Dietrich Bonhoeffer: In the Midst of Wickedness

Small glimmers of hope kept Dietrich going. He was heartened by the Norwegian church’s response after the takeover of their country by the Nazis. When the Nazi-backed Norwegian prime minister, Vidkun Quisling, decided to crack down hard on the church, all of the bishops and pastors in the country severed their ties with the government and the state church. The organizer of the church resistance in Norway, Bishop Eivind Berggrav, declared boldly to Norwegian pastors, “Take your wives and children along and travel the roads with a handcart. Hold a parish meeting every evening. I am sure that if Norway’s thousand pastors set out that way, the men in Berlin will understand fast enough how foolish this whole business is.” Shortly afterward, Bishop Berggrav was arrested, but his arrest only strengthened church resistance.

Naturally these upstart Norwegian clergymen disturbed the Nazis, who wanted to know who was leading the rebellion with the bishop in jail. Abwehr was given the task of finding out. As a result, Dietrich and another member of the conspiracy, Count Helmuth von Moltke, were sent to Norway. The count was a year younger than Dietrich and came from a long line of distinguished military men. His father had been the head of Germany’s armed forces at the beginning of World War I, and his great-uncle had been a famous field marshal in the Franco-Prussian war. The count was a dedicated Christian who led a group of conspirators called the Kreisau Circle.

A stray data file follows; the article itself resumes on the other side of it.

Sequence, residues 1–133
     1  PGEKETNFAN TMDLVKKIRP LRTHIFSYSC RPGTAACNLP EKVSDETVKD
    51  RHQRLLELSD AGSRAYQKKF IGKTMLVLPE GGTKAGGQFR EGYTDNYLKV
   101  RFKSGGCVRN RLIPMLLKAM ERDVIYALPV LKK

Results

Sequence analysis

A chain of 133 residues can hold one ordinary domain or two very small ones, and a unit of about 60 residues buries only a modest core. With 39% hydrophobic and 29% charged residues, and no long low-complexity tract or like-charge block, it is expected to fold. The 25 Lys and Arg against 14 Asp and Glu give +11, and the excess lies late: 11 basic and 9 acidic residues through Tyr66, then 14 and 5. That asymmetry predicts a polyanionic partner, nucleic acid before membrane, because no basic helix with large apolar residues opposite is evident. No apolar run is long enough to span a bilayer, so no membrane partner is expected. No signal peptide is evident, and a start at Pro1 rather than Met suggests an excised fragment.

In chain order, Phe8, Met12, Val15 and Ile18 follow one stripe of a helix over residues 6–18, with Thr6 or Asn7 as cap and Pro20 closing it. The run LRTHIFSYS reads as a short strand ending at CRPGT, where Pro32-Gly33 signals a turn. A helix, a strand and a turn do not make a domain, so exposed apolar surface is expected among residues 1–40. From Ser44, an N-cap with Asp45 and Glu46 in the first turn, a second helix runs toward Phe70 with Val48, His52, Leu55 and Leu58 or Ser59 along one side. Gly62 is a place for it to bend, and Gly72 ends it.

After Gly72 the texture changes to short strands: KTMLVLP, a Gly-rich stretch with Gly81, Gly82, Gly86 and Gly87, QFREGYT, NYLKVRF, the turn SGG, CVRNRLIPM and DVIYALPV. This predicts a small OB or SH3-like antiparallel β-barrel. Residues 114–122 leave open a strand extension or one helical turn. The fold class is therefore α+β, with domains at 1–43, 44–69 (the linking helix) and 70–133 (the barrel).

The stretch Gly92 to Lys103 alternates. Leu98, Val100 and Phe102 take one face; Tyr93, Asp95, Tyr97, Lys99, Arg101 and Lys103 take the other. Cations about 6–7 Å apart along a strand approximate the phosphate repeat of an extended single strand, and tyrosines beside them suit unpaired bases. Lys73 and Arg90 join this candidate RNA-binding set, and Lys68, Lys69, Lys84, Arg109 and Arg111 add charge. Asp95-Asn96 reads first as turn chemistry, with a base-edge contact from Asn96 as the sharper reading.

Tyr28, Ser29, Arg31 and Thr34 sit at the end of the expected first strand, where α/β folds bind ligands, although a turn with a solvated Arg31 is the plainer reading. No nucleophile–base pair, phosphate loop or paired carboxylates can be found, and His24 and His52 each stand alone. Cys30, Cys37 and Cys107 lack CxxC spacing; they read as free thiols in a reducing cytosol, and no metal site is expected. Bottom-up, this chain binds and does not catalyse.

Unlike Dietrich, those involved in the Kreisau Circle did not believe it was wise to kill Adolf Hitler. They argued that if Hitler were assassinated, he would be hailed as a martyr, and if they failed in the assassination attempt, thousands of resistance members would be hunted down and executed. Neither outcome was acceptable to the Kreisau Circle. Dietrich understood their point, but he felt it was worth the risk. Hitler had to go, and the sooner the better.